The Minnesota Legislature was hit hard last fall when complaints about work-related sexual harassment sparked the #MeToo movement and led to two resignations: DFL Sen. Dan Schoen of St. Paul Park and Republican Rep. Tony Cornish of Vernon Center.
That backdrop makes it fitting that the Legislature is in the vanguard among states in easing the way for victims of harassment in any employment setting to seek redress in the courts. The institutional self-examination begun in the wake of the Schoen and Cornish resignations has yielded a bipartisan bill to set a less-restrictive legal standard for what constitutes actionable misconduct.
For decades, state courts have followed the federal courts’ lead in holding that sexual harassment must be “severe and pervasive” to justify relief under the state’s statute. That standard, first articulated in a 1986 U.S. Supreme Court case, is so high that it discourages legitimate complaints, said House Majority Leader Joyce Peppin, R-Rogers, who chaired the House’s Subcommittee on Workplace Safety and Respect.
“We’re untying the hands of the judges,” Peppin said about the bill she is sponsoring in response. It clarifies the definition of “an intimidating, hostile or offensive environment” as one that “does not require the harassing conduct or communication to be severe or pervasive.” Identical bills were introduced by DFL Minority Leader Melissa Hortman in the House and Sen. Karin Housley, R-St. Mary’s Point, in the Senate.
“This would be the Legislature saying we meant what we said years ago when we created a cause of action for sexual harassment,” Hortman said. Legislators said they were shocked at the descriptions of what some would-be litigants had endured on the job, only to be advised that the misconduct did not meet the “severe and pervasive” standard.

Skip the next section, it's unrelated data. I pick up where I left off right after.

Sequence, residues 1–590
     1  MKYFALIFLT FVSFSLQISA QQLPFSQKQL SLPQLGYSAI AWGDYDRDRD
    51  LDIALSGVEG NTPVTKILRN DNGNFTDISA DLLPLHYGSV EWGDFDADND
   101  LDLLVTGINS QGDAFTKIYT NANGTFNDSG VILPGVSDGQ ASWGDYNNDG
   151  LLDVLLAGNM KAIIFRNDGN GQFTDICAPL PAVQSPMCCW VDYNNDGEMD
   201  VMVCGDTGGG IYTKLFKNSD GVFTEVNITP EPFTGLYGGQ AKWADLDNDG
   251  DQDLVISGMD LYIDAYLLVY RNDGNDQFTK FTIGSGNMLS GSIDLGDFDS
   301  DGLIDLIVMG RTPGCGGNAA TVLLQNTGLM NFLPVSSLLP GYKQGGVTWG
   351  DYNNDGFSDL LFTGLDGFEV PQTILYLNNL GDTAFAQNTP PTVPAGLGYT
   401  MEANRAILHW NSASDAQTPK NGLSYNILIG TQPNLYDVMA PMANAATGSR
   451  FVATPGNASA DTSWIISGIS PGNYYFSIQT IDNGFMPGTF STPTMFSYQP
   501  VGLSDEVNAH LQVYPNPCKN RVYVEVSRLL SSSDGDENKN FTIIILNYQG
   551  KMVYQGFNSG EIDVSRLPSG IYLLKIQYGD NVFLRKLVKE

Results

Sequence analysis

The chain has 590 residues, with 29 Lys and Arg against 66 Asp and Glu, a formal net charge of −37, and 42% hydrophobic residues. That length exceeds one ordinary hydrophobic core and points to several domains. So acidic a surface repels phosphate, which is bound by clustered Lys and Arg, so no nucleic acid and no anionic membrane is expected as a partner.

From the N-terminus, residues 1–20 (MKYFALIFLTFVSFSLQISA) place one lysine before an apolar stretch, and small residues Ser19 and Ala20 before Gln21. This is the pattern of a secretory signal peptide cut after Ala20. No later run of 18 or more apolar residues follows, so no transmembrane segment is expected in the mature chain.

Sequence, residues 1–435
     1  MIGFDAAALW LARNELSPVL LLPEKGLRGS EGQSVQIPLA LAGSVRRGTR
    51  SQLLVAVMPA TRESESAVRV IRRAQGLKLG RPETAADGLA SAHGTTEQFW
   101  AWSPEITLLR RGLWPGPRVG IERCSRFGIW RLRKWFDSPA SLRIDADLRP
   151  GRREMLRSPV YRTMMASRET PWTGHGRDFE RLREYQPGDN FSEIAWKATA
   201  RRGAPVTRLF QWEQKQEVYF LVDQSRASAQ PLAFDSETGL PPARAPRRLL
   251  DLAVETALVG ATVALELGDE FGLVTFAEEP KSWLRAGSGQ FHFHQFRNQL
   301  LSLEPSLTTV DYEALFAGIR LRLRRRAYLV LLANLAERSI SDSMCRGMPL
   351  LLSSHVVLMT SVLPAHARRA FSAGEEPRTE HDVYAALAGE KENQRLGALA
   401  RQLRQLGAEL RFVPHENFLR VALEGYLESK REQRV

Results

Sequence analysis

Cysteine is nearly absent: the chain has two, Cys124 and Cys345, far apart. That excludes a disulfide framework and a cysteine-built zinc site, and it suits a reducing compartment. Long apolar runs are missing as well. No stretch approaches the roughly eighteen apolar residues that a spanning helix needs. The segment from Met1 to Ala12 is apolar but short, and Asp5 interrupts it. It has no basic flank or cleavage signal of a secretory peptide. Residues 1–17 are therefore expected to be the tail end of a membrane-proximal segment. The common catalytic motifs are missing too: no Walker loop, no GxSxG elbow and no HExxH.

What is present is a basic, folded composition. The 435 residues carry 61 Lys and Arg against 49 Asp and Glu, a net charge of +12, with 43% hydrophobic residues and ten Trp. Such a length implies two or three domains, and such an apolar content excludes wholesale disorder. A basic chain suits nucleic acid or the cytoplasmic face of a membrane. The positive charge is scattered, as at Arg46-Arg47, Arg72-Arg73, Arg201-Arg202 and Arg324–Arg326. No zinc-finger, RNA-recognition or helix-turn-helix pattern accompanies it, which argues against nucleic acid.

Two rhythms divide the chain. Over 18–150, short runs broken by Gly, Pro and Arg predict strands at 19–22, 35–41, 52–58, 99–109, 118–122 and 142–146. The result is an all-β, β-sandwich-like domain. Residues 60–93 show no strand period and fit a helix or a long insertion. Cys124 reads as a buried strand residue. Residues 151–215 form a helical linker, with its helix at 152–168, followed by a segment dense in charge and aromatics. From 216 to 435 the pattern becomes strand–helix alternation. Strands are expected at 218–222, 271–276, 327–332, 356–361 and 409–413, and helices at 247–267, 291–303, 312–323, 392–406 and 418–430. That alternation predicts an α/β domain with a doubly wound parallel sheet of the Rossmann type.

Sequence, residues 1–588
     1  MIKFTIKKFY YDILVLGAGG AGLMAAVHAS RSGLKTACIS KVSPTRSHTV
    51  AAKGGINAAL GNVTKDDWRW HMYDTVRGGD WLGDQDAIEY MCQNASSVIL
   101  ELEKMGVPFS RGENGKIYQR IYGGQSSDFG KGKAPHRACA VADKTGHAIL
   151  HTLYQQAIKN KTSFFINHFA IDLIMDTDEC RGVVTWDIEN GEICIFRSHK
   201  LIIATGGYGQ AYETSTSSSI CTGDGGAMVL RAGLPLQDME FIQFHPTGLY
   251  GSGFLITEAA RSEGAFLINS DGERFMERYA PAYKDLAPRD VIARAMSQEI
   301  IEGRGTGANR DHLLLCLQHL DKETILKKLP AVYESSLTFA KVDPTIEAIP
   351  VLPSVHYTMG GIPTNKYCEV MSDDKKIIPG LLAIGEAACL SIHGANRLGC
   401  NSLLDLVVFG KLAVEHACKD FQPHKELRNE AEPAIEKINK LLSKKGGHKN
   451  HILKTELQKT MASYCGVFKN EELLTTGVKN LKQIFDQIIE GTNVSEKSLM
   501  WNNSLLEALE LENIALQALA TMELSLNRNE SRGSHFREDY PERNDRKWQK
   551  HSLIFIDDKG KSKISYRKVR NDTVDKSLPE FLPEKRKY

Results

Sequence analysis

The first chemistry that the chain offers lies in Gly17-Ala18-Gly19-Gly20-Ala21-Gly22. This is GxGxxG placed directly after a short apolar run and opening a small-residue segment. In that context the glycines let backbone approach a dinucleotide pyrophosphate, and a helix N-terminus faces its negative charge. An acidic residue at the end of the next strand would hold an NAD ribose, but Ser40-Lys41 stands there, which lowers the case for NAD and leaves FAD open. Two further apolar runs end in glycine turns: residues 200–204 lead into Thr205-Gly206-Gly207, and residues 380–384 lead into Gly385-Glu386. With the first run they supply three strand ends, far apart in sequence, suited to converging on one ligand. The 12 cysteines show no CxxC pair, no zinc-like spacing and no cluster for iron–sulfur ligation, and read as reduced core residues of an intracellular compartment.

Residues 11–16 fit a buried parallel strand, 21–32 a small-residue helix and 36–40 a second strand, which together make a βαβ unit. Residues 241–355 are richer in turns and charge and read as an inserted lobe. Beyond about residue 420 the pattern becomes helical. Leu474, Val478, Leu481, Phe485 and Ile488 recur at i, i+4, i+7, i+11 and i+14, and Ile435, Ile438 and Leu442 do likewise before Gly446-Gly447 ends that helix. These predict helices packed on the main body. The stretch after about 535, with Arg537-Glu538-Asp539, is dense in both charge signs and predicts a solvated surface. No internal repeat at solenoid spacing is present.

The proposed statutory change is the most far-reaching result to date of the Legislature’s review of its handling of sexual harassment complaints. Other changes adopted Wednesday by the House Rules Committee are internal to the House. They would commission a community survey, set up a hotline and an e-mail address for complaints, and build a website to advise the public about the House’s policy, which was rewritten to “encourage” reporting of behavior believed to be discriminatory or harassing. The new policy puts control of complaint investigations in the hands of nonpartisan staff, allows for the hiring of an outside investigator and requires that cases be reported to leaders of both parties.
These are moves in the right direction, ones that should inform a similar work in progress by a state Senate panel. More than that: They should serve as an example for all Minnesota employers who are serious about the well-being — and retention — of their employees.